In my early, tenderling, formative theatre years, I fairly glowed with this shining light and thirst for learning and giving; for exploring one’s nugget of skill to be willing to be of service to the skills and talents of others in cooperative creation.

In a world of so much great talent, it is easy to be have humility and keep practicing; working while still searching for one’s own best defining talent.  One can be told by respected teachers what they see before their wise eyes and yet have depth of understanding dawn down the road.

It is only later , I learned what my team of master teachers in my first summer stock, at Dorothy Shay’s Duke’s Oak Theatre, where I was a most grateful apprentice, meant in their end of season review and assessment of skills learned and strengths discovered.

As I stood along on the bare stage, with only a work light for company, I heard their individual report cards.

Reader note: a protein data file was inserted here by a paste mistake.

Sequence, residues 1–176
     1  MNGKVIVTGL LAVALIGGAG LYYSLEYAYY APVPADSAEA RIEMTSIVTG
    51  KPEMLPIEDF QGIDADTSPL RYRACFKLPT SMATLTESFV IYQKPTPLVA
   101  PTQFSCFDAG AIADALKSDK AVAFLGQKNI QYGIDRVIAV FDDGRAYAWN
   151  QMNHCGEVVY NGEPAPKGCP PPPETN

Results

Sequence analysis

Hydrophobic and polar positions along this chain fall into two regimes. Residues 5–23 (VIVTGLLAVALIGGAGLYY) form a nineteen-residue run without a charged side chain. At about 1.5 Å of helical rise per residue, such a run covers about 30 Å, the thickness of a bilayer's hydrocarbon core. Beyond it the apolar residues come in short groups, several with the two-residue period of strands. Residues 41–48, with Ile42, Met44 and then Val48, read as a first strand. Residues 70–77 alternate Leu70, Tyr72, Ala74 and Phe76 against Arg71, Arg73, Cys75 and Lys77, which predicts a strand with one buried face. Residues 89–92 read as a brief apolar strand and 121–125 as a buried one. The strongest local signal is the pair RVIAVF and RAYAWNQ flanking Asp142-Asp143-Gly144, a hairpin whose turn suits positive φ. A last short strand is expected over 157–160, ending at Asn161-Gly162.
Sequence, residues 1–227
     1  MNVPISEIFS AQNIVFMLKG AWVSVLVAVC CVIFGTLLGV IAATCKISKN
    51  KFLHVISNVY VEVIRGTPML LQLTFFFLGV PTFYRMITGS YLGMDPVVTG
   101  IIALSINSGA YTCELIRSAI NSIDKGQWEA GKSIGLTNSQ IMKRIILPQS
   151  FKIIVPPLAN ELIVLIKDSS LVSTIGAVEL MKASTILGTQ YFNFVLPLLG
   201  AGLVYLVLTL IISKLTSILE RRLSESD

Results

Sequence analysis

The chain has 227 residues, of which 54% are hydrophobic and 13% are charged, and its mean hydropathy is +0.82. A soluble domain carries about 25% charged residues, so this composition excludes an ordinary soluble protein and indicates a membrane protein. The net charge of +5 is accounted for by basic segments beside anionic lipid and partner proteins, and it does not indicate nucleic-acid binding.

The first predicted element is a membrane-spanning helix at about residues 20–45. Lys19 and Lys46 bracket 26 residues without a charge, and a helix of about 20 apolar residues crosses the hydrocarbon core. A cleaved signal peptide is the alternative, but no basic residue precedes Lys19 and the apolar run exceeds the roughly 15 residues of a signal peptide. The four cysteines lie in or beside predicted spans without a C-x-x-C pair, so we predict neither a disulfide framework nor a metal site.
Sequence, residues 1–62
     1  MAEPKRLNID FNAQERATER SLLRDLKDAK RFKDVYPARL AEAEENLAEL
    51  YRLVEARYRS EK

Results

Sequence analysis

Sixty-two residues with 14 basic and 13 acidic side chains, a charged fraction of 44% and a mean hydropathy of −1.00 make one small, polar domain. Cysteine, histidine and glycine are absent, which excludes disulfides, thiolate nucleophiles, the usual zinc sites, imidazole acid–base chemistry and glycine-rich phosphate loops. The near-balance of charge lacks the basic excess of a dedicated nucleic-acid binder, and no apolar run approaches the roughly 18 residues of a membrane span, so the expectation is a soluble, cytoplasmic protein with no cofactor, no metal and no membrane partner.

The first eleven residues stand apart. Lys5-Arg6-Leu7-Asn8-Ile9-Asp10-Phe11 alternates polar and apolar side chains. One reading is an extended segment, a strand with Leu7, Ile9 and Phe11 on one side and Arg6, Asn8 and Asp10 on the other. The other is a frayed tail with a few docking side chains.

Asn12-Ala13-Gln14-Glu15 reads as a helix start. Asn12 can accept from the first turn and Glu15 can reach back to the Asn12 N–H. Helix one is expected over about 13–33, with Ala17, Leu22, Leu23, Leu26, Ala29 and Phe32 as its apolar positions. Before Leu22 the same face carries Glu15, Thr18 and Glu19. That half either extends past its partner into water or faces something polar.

“You are not the best of the dancers.”  “You may not be the greatest of the actors.” “You do not have the best voice of all.”

Time stopped.  My young heart sank because I was the last of the apprentices to be reviewed and the others, with family lines tracing back to theatre royalty of Lunt and Fontanne, Windust and Ritter had received high marks for at least one of these areas of performance.

It seemed forever in moments, standing statued still in my leotard and tights, waiting for their collective summation.

My mind raced hurdles with fear.  Did I have a career ahead?  Would I be good enough in this life of endeavor which I’d always known since childhood was my passion and lifeblood; a part of me like breathing; a place in the world to contribute and make a difference with my own gifts; to be of service?